Last night I saw Praying with Lior, a documentary about the bar mitzvah of a boy with Down’s Syndrome. Easily the best movie I’ve seen this year, better than There Will Be Blood, Mary Poppins (leaving aside the great song Feed the Birds), Blade Runner, and several documentaries, for example. I asked a friend why she liked the TV show ER. “It makes you feel happy and sad,” she said. Praying for Lior made me sad again and again, which is part of why I liked it so much. I also liked seeing someone with a handicap struggle and succeed; Praying with Lior has a lot in common with My Left Foot, one of my favorite movies.
The person responsible for the film is Ilana Tractman, who met Lior at a religious retreat. Her day job is making television documentaries. She got the money to make the film — from a large number of foundations and people — while she was making it. As far as I can tell, she had almost total freedom, in contrast to her TV documentaries. I use the term superhobby to describe activities that combine the skills and resources of a professional with the freedom of a hobbyist. All of the blogs I read regularly are superhobbies. My self-experimentation was (and is) a superhobby. Writing open-source software is a superhobby. Most books are superhobbies. When a superhobby produces art, we call the product a labor of love. As we get richer and richer — thus can afford more freedom — and skills and knowledge improve, these labors of love become better, more possible, and more common.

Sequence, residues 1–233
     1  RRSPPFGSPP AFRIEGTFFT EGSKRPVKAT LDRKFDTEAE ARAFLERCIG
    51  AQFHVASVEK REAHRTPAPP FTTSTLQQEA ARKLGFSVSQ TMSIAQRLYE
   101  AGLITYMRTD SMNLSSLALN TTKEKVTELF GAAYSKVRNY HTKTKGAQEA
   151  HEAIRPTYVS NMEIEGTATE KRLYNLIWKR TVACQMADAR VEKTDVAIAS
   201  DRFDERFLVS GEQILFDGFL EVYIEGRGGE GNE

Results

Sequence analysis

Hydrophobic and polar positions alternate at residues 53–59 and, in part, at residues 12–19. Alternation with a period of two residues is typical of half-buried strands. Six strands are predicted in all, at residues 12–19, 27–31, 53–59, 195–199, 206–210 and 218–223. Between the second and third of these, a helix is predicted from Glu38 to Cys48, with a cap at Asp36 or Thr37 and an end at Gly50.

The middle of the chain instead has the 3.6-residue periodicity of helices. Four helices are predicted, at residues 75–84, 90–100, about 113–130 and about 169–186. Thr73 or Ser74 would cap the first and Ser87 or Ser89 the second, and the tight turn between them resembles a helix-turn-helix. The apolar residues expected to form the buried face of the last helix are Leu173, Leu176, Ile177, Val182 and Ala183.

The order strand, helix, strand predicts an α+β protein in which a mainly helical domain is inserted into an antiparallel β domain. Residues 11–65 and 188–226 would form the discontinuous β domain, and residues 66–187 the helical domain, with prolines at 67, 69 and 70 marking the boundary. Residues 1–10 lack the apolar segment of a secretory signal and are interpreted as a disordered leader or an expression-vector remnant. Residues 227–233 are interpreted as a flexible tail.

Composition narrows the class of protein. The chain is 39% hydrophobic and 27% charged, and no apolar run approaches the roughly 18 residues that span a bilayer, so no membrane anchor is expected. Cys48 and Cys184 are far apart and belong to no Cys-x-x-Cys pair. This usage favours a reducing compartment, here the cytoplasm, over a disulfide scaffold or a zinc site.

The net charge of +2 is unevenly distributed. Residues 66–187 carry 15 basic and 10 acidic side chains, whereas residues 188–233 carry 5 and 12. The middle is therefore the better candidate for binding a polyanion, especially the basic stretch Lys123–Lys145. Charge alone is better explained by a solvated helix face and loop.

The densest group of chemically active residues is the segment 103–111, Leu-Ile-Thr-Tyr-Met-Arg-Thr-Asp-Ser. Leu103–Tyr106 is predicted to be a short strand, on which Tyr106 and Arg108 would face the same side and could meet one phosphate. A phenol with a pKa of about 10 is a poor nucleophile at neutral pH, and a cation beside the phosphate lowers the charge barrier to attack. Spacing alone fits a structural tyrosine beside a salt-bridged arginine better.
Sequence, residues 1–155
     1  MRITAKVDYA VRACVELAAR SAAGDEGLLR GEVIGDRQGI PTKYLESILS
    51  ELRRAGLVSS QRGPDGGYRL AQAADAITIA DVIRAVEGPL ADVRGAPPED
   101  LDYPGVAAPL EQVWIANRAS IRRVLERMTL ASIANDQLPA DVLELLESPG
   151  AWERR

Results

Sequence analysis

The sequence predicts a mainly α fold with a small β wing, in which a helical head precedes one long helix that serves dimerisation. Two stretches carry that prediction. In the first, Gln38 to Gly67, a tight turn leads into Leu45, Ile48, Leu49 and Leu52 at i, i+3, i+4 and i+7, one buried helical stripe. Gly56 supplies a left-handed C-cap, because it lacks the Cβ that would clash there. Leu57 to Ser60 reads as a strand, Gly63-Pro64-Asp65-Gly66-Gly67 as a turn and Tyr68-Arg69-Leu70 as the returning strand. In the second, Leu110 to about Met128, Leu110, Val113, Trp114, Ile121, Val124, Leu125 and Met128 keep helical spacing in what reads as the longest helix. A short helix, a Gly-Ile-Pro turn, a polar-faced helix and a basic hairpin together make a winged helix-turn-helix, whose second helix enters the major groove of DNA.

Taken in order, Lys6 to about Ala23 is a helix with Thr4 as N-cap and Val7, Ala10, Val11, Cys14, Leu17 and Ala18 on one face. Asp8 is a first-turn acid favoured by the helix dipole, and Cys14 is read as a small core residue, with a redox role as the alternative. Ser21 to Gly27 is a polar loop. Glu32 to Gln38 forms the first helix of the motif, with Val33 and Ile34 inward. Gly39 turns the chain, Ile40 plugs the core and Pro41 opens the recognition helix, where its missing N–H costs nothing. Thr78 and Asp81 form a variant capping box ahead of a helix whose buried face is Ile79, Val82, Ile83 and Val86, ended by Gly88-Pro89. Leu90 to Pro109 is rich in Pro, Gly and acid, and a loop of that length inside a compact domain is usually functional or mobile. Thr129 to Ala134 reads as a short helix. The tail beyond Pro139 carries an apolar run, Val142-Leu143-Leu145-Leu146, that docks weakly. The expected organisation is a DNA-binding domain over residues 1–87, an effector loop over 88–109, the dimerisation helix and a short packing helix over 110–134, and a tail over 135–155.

The Praying with Lior website revealed to me that the film had/has a “mission”: “to change the way people with disabilities are perceived and received by faith communities.” Perhaps that is another reason why such a good film was made: This purpose helped it get funding and other help (a lot of people worked on it). And maybe it was part of why Ms. Tractman began and continued a difficult and uncertain project.